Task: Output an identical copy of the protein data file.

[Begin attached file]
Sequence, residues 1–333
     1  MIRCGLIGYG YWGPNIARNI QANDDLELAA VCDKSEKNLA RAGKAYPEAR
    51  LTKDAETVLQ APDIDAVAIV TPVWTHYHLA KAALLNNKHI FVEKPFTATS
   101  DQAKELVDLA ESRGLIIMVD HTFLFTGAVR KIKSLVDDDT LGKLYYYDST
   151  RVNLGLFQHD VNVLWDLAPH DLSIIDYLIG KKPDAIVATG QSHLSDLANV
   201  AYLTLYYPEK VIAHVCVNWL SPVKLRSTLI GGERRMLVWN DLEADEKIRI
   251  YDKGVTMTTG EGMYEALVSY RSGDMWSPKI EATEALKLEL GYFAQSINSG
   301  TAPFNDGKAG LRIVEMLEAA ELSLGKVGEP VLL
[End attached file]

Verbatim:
Sequence, residues 1–333
     1  MIRCGLIGYG YWGPNIARNI QANDDLELAA VCDKSEKNLA RAGKAYPEAR
    51  LTKDAETVLQ APDIDAVAIV TPVWTHYHLA KAALLNNKHI FVEKPFTATS
   101  DQAKELVDLA ESRGLIIMVD HTFLFTGAVR KIKSLVDDDT LGKLYYYDST
   151  RVNLGLFQHD VNVLWDLAPH DLSIIDYLIG KKPDAIVATG QSHLSDLANV
   201  AYLTLYYPEK VIAHVCVNWL SPVKLRSTLI GGERRMLVWN DLEADEKIRI
   251  YDKGVTMTTG EGMYEALVSY RSGDMWSPKI EATEALKLEL GYFAQSINSG
   301  TAPFNDGKAG LRIVEMLEAA ELSLGKVGEP VLL